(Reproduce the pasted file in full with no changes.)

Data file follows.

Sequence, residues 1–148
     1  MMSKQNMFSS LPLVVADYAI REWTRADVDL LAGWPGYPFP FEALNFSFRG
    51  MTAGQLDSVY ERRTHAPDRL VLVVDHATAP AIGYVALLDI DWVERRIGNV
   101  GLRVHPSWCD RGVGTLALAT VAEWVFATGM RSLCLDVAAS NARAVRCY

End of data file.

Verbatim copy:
Sequence, residues 1–148
     1  MMSKQNMFSS LPLVVADYAI REWTRADVDL LAGWPGYPFP FEALNFSFRG
    51  MTAGQLDSVY ERRTHAPDRL VLVVDHATAP AIGYVALLDI DWVERRIGNV
   101  GLRVHPSWCD RGVGTLALAT VAEWVFATGM RSLCLDVAAS NARAVRCY